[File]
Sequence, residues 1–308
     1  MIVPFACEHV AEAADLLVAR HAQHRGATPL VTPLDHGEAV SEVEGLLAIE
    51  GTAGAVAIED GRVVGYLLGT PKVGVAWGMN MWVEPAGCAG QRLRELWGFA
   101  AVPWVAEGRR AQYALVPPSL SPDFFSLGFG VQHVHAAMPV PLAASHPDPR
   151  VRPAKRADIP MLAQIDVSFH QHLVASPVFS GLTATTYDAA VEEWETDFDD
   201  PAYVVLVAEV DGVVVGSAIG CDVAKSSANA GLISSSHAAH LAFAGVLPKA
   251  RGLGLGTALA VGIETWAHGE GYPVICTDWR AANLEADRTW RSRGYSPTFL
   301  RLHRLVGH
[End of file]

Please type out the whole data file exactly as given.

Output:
Sequence, residues 1–308
     1  MIVPFACEHV AEAADLLVAR HAQHRGATPL VTPLDHGEAV SEVEGLLAIE
    51  GTAGAVAIED GRVVGYLLGT PKVGVAWGMN MWVEPAGCAG QRLRELWGFA
   101  AVPWVAEGRR AQYALVPPSL SPDFFSLGFG VQHVHAAMPV PLAASHPDPR
   151  VRPAKRADIP MLAQIDVSFH QHLVASPVFS GLTATTYDAA VEEWETDFDD
   201  PAYVVLVAEV DGVVVGSAIG CDVAKSSANA GLISSSHAAH LAFAGVLPKA
   251  RGLGLGTALA VGIETWAHGE GYPVICTDWR AANLEADRTW RSRGYSPTFL
   301  RLHRLVGH